This November, we’re delving deep into the rich language of theatre–of sound and stage, stories played out in theatres and on screens. This month, we’re reading plays by Indigenous playwrights. From a triptych of dramas that explore young peoples’ hearts through to the tale of a spirit who must learn to change her ways, these plays offer stories and lessons we can all take in, wrapped in the magic of words and action delivered in brilliant performance.
For more Indigenous reads, be sure to check out the recommendations on Audible Canada!
When you take something from the earth you must always give something back.
From the Kwantlen First Nation village of Squa’lets comes the tale of Th’owxiya, an old and powerful spirit that inhabits a feast dish of tempting, beautiful foods from around the world. But even surrounded by this delicious food, Th’owxiya herself craves only the taste of children. When she catches a hungry mouse named Kw’at’el stealing a piece of cheese from her dish, she threatens to devour Kw’at’el’s whole family, unless he can bring Th’owxiya two child spirits. Ignorant but desperate, Kw’at’el sets out on an epic journey to fulfill the spirit’s demands. With the help of Sqeweqs, two Spa:th and Sasq’ets, Kw’at’el endeavours to find gifts that would appease Th’owxiya and save his family.
Similar to “Hansel and Gretel” and the northwest First Nations stories about the Wild Woman of the Woods, Th’owxiya—which integrates masks, song and dance—is a tale of understanding boundaries, being responsible for one’s actions, forgiving mistakes and finding the courage to stand up for what’s right.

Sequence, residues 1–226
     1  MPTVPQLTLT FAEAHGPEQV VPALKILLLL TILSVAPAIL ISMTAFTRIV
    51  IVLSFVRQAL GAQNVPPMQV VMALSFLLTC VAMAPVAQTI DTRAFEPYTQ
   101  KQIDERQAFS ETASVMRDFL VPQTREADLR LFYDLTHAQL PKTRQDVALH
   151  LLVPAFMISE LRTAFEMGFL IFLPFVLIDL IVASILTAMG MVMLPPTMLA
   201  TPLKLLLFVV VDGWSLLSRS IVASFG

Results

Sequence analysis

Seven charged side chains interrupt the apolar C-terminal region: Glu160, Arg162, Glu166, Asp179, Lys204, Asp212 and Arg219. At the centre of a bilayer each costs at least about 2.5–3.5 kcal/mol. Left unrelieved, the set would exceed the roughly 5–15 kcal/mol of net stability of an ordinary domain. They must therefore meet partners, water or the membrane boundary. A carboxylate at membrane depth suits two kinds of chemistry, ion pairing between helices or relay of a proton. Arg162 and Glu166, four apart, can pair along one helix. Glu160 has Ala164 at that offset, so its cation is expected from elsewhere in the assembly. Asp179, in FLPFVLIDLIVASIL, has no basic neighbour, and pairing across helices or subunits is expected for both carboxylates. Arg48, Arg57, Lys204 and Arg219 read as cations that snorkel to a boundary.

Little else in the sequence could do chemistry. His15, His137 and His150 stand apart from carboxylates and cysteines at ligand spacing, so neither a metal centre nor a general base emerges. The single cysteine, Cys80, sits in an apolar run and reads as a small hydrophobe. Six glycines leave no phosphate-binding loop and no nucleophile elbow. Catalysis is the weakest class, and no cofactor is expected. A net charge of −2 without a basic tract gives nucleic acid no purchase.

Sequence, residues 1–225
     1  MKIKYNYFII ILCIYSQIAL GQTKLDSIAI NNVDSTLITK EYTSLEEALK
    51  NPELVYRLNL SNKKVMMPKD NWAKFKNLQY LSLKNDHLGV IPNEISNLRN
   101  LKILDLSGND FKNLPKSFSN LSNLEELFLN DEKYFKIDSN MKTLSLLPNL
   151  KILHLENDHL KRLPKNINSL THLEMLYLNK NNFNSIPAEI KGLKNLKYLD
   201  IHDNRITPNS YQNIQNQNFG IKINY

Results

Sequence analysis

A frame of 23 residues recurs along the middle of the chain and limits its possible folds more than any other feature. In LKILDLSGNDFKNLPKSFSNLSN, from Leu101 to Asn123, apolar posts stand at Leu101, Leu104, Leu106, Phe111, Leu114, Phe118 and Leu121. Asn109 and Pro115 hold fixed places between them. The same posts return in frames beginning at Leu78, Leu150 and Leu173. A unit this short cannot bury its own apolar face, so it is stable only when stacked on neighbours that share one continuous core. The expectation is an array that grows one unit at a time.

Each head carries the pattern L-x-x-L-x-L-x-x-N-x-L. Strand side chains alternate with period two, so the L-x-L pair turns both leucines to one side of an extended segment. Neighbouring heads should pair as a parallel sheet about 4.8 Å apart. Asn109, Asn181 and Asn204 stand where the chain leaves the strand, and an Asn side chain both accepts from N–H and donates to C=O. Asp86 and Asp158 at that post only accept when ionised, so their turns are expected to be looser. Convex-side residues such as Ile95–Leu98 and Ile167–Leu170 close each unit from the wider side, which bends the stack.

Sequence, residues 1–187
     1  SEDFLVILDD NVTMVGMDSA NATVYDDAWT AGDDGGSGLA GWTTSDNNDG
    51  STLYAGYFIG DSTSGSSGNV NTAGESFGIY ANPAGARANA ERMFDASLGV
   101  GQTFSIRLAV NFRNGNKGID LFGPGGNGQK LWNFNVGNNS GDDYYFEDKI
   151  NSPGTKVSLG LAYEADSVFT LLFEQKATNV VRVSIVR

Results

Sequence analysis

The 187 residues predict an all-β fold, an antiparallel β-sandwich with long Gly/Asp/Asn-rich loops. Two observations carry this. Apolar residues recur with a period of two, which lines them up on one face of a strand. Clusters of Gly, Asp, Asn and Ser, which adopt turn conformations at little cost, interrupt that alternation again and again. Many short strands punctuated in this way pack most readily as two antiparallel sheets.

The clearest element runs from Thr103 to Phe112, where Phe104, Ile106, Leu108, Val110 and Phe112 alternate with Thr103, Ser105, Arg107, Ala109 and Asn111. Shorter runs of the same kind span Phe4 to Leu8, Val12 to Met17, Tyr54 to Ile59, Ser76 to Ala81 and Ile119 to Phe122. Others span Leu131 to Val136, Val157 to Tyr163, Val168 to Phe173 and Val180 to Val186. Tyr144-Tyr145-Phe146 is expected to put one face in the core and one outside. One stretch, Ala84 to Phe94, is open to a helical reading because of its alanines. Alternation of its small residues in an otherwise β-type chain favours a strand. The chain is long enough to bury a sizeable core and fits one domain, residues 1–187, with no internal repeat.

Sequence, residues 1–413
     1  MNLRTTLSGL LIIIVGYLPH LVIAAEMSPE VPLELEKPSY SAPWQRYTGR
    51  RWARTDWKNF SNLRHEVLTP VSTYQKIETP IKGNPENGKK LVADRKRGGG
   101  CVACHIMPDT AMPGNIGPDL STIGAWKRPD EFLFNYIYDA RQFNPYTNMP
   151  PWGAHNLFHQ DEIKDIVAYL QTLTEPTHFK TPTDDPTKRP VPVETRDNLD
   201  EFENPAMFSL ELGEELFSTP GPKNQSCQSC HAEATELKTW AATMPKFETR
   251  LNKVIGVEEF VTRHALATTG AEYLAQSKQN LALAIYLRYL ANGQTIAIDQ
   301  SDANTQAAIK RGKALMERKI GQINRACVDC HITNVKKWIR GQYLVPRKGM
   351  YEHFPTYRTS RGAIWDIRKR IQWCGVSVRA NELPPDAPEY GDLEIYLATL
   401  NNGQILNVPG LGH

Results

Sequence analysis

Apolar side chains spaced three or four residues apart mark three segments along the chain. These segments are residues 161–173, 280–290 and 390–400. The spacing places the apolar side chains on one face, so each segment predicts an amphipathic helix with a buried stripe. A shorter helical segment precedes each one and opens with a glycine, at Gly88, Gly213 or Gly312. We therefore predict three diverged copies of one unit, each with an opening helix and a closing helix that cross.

Reckoning is a triptych of three short plays: Witness is a dance-movement piece featuring a Truth and Reconciliation Commissioner who unravels as he confronts the brutal testimony of residential school survivors; in Daughter, the daughter of a teacher who was accused of rape seduces her father’s accuser; and Survivor is a solo piece about a man preparing to commit suicide as a protest against the insufficiencies of the reconciliation process.
The Girl traces her life from surviving the foster care system to her struggles with addictions. She fights, hoping to break the cycle in order to give her daughter a different life than the one she had. The Mother sits in Alcoholics Anonymous meetings, recounting memories of the daughter that was taken from her, and the struggles of living on the streets in Northern Ontario. They are both followed by Manidoons, a physical manifestation of the trauma and addictions that crawl across generations. bug is a solo performance and artistic ceremony that highlights the ongoing effects of colonialism and intergenerational trauma experienced by Indigenous women, as well as a testimony to the women’s resilience and strength.
A group of politically correct teachers are tasked with creating a Thanksgiving play for their students. They hire a Native American actor to lend authenticity to the proceedings. When it turns out she’s ethnically ambiguous the teachers are left to navigate the resulting pitfalls in this rich satire. Includes a conversation with playwright Larissa FastHorse.